Inquiry into Chinese interference necessary, no matter where lumps land
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The Globe and Mail published a column by an unnamed national security official Friday headlined “Why I blew the whistle on Chinese interference in Canada’s elections.”
The writer, according to Globe editor David Walmsley, is “the backbone” of the newspaper’s coverage surrounding Chinese government interference in Canadian elections alongside their allegation that governmental officials — in particular, Prime Minister Justin Trudeau — knew about it.
In the column, the writer paints him or herself apolitically: “I swore an oath. Not to party or person, but to my country, to its democratic institutions and to my fellow Canadians.”
And the individual claims, in an effort to explain his or her actions, “I had hoped that by providing the public with information I believe to be in the interest of all Canadians, we as a country would begin a much deeper conversation about what it is that we expect of our government.”
Patriotic nobility aside, it’s worth noting that the same could be said by anyone claiming to be a revolutionary.
Leaking information to media is not a “personal complaint against our political leaders or a partisan issue,” the security official continues.
“I will take my lumps for my part in this… knowing that while what I have done may be unlawful, I cannot say it was wrong.”
The writer ends with a reminder for the federal Liberals: “I am not the first in our public service to have grappled with such an enviable ethical dilemma in recent years. Not so long ago, our former justice minister Jody Wilson-Raybould faced one that was even more acute.”
So much for being apolitical, but here come the lumps.
Wilson-Raybould, as if anyone could forget, alleged that in 2018 Trudeau’s office tried to influence her in the prosecution of Quebec-based global engineering firm SNC-Lavalin on fraud and corruption charges involving allegations of approximately $48 million in payments made to Libyan government officials between 2001 and 2011.
After her resignation from cabinet, Trudeau expelled Wilson-Raybould (and friend and ally Jane Philpott) from the Liberal caucus.
Since March 2, Canadian security officials have been trying to figure out who has been leaking information to media on Chinese election interference. So, no doubt, the Globe source is probably running out of time.
The conclusion of the Jody Wilson-Raybould story, though, is perhaps the most interesting possibility of this story. In 2019, Canada’s conflict of interest and ethics commissioner Mario Dion issued a report vindicating Wilson-Raybould, claiming that Trudeau “improperly pressured” her.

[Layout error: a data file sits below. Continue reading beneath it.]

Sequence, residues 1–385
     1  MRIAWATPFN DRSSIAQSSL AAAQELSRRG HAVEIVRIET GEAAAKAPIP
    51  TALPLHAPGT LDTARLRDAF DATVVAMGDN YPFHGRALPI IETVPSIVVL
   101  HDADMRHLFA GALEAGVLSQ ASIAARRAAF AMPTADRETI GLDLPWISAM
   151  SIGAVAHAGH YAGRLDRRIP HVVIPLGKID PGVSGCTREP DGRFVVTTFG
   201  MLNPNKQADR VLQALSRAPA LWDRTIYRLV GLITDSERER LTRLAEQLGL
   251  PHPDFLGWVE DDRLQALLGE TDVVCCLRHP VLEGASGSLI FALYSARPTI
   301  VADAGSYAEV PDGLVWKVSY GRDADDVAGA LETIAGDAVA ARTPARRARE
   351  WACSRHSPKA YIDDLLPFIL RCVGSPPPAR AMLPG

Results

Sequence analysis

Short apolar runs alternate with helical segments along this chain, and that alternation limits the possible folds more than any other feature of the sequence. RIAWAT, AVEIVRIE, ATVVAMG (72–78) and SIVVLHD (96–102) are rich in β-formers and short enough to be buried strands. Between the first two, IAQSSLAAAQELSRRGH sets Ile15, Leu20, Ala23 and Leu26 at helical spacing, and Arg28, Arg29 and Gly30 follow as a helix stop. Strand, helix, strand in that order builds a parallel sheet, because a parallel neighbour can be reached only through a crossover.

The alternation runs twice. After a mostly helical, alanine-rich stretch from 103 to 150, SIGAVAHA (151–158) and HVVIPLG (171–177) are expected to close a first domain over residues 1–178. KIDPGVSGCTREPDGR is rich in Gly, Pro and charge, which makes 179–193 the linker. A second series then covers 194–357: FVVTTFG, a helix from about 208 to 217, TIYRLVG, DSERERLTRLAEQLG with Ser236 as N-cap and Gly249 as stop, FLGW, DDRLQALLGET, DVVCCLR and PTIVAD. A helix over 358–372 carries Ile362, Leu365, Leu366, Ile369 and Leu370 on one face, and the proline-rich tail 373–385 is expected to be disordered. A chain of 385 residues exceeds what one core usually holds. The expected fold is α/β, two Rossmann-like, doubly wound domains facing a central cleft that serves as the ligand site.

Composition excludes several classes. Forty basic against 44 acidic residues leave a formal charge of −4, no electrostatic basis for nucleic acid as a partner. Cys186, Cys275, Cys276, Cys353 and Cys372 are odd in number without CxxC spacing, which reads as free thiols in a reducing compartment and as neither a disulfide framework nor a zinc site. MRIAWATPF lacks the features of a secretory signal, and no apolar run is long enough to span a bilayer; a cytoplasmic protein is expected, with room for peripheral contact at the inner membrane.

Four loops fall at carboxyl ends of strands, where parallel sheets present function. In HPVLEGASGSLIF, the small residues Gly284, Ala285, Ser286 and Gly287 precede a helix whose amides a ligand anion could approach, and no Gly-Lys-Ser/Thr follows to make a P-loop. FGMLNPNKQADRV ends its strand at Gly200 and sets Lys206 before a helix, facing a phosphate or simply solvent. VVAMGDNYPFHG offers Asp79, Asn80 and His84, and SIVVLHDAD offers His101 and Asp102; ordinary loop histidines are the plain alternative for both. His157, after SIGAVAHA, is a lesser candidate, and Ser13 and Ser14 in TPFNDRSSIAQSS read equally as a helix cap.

It’s a good reminder that, when it comes to whistleblowers, politics is definitively involved but there’s usually some measure of truth, too.
Coincidentally — or not — the Canadian Security Intelligence Service released a statement at about the time the Globe published the whistleblower’s column, saying that the Chinese government is the “greatest strategic threat to (Canada’s) national security.”
The Chinese Communist Party running the government “uses all the state power at its disposal,” the CSIS statement says, “to carry out activities that directly threaten the national security and sovereignty of the country.”
For weeks, Justin Trudeau has been very adamant that there will be no inquiry into Chinese election interference, pointing out that there are Parliamentary methods and committees that have already done this work and found that while there is some interference, not enough to garner extreme measures.
This is not about whether interference happened, but how much.
No one really knows.
Over the past few weeks, evidence has emerged that Chinese officials directly funded 11 candidates in the 2019 federal election. Reporters have also uncovered that Chinese officials have influenced parts of the Ontario provincial legislature and a B.C. municipal election.
There also the case of Chinese individual donations to the Trudeau Foundation and the University of Montreal faculty of law and alleged coercion of officials at Wealth One Bank.
Potential Chinese influence has even reached Indigenous circles, such as when the pro-Beijing Canadian Alliance of Chinese Associations helped purchase a 2019 truck for Orange Shirt Society founder Phyllis Webstad to promote the Every Child Matters movement; the truck is adorned with a CACA sticker.
With public pressure rising, Trudeau last week appointed former governor-general David Johnston as the “special rapporteur” who will investigate and determine if an inquiry into Chinese interference in Canadian elections is necessary.
Essentially, Johnston will be investigating whether an investigation is necessary.
One wonders what would garner an inquiry if not a foreign government that “uses all state power at its disposal” to become “greatest strategic threat to national security,” but I digress.
As Jody Wilson-Raybould showed the Canadian public, though, the whistle was justified. This is why an inquiry into Chinese interference and influence in Canadian elections and society is necessary.
So that the lumps — now clearly on the way — come to who earned them.
Niigaan Sinclair is Anishinaabe and is a columnist at the Winnipeg Free Press.